Where Is The Real Value Coming From (Or, Whose HBO GO Is It Anyway)?

Let’s be honest, do you actually pay for HBO GO? Do you really own a Netflix subscription? I’m sure you watch HBO GO, but I’m just wondering who is paying for it. Is it the ex-boyfriend of your cousin’s old dog sitter? It’s saved on your computer, but whose HBO GO password is that anyway?

Someone, in a complex web of friends, family, coworkers, and acquaintances, is actually paying for that entire web’s ability to enjoy Game of Thrones. Someone has created real value for that web, and the rest are just riding the waves of that person’s labor straight into their 10^nth episode of Entourage.

We learn in Macroeconomics 101 about the balance of trade. We export goods and services to other countries, and we import goods and services from other countries into the U.S. The value of imports and exports, one would initially imagine, would have to be equal, because why would one country give up something for nothing? For the U.S., this is not true. We have been running massive trade deficits since the early ’90s. Last year, the deficit was about $470 billion. The only way that this relationship can work is if the other nations of the world are okay with purchasing U.S. financial assets, such as Treasury bonds, to balance out the deficit. Luckily, since the U.S. is viewed as the safest place for investment in the world, we are able to attract continuous foreign investment.

The U.S. is special, and that’s why we get to use the rest of the world’s HBO GO passwords for free. The U.S.’s debt is now more than its annual GDP. Although we are not unique in this respect among the nations of the world, we again benefit from our status as the international reserve currency in terms of borrowing rates. Despite our massive debts, we still get to borrow from the international community very cheaply, in comparison to a nation like Greece. We are still viewed as safe to lend to despite our massive, crushing debts.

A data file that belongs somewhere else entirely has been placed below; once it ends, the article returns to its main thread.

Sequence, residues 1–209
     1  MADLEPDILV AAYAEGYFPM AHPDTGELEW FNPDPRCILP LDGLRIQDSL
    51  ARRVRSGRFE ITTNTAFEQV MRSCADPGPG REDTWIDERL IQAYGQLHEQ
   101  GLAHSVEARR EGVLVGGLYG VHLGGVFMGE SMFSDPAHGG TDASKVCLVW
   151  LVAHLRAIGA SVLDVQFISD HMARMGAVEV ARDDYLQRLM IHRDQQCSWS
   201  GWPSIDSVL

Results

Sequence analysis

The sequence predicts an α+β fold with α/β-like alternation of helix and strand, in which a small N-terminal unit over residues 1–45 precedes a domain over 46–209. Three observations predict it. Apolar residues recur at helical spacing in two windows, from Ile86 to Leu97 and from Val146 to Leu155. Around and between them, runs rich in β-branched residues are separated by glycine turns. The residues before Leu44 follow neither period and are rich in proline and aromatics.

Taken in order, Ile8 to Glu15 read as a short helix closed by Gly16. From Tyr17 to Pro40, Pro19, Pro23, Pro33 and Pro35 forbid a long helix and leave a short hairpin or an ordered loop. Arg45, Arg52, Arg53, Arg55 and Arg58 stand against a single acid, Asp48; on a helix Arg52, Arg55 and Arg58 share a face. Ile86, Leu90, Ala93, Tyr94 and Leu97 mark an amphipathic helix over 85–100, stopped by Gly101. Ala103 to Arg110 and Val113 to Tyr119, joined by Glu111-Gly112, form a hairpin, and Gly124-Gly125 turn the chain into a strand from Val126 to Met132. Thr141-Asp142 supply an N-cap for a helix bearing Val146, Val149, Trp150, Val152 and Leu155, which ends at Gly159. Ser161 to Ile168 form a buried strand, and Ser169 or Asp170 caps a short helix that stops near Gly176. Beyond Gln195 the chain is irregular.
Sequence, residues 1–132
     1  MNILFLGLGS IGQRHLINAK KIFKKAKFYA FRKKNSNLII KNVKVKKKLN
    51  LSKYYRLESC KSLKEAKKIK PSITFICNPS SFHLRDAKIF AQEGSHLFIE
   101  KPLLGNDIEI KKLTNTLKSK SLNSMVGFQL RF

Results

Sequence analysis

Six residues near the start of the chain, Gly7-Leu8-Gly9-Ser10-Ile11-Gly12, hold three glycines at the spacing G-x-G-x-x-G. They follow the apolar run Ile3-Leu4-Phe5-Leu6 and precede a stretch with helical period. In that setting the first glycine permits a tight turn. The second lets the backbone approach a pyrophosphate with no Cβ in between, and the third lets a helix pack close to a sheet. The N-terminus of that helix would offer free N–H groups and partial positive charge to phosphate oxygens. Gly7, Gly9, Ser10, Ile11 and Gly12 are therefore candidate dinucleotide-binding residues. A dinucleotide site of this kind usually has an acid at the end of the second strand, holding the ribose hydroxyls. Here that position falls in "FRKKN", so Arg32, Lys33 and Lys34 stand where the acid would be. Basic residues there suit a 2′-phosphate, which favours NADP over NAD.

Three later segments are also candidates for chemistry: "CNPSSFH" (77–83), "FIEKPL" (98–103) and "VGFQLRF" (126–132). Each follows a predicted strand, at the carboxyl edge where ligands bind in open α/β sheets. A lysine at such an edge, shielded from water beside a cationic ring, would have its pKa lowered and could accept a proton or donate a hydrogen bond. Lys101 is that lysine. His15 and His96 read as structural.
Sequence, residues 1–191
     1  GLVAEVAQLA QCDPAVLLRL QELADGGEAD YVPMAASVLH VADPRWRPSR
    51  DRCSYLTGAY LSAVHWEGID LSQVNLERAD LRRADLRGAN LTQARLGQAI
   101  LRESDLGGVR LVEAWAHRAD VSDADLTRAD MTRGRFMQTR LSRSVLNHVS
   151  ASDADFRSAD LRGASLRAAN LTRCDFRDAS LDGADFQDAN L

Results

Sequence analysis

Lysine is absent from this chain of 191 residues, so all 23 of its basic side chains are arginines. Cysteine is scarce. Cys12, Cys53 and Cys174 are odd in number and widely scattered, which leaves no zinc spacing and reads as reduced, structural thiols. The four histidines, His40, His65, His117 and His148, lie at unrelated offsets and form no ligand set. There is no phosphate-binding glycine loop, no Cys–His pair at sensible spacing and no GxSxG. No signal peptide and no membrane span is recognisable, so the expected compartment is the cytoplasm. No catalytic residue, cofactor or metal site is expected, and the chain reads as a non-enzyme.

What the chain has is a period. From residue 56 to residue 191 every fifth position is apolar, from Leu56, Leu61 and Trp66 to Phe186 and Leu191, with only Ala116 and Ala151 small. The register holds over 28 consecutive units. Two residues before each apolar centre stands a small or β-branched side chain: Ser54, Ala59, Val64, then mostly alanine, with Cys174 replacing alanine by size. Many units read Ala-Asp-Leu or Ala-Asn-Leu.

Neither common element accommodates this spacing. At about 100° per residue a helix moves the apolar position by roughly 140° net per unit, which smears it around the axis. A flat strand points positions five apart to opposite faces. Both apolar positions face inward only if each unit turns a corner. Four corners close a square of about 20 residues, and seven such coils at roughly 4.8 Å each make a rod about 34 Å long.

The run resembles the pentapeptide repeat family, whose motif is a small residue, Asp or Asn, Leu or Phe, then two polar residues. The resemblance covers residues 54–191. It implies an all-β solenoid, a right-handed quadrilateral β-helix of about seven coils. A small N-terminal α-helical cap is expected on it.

My concern is that on top of our propensity to borrow, we are also a “service” economy that may be in danger.

The U.S. makes very little now, at least in terms of tangible assets. The Apple laptop on which I am writing this column was designed in the U.S., but not manufactured here, and most of the components that comprise it were not produced here, either. We, as an economy, have long been relying on the fact that we have superior knowledge that we can trade with the rest of the world for physical goods. We have a superior education system that produces the type of people who become Steve Jobs, and make beautifully designed hardware and software, and know how to run a business. All of the innovation and design that takes place in the U.S. is essential to the global economy, and it creates value globally.

But I must ask, for how long is this system sustainable? The U.S., long ago, stole manufacturing away from the UK because workers there were too expensive compared to U.S. workers. The U.S. then lost manufacturing to places like China and India, because U.S. workers had become too expensive. As nations become wealthier and wealthier through manufacturing, they begin to become accustomed to a certain type of lifestyle. As we are seeing in China and India right now, the education system improves though investment, and the economy diversifies from just a manufacturing economy to an economy that also creates services. Educated people tend to want to work in services instead of manufacturing. A problem arises, though, if a nation can’t export enough services to cover the costs of all the physical imports it needs to survive. A nation will then start to borrow heavily and live off of investment from the international financial community. At the point when China fully develops its service sector and realizes that it doesn’t need U.S. consultants anymore because it can train its own just as well, will it still invest so heavily in U.S. Treasuries, or will it see the holes beginning to form in our economy?

Manufacturing will continue to move from country to country, searching for the lowest labor costs, until the global level of wages rises to a point where it is no longer sustainable to produce somewhere else and ship goods back to a home nation. As more and more nations become service economies that borrow heavily, who is left to pay for the HBO GO?

Let’s just watch Boardwalk Empire until a crisis happens.

Featured Image by Breck Wills / Heights Editor

About Andrew Millette 7 Articles
Andrew Millette is a senior staff Opinions columnist for The Heights. He is a member of the Class of 2015 in the College of Arts and Sciences, majoring in economics and minoring in management. He was formerly the Associate News Editor and the Collections Manager for The Heights. He now spends most of his time watching videos of corgis on the internet.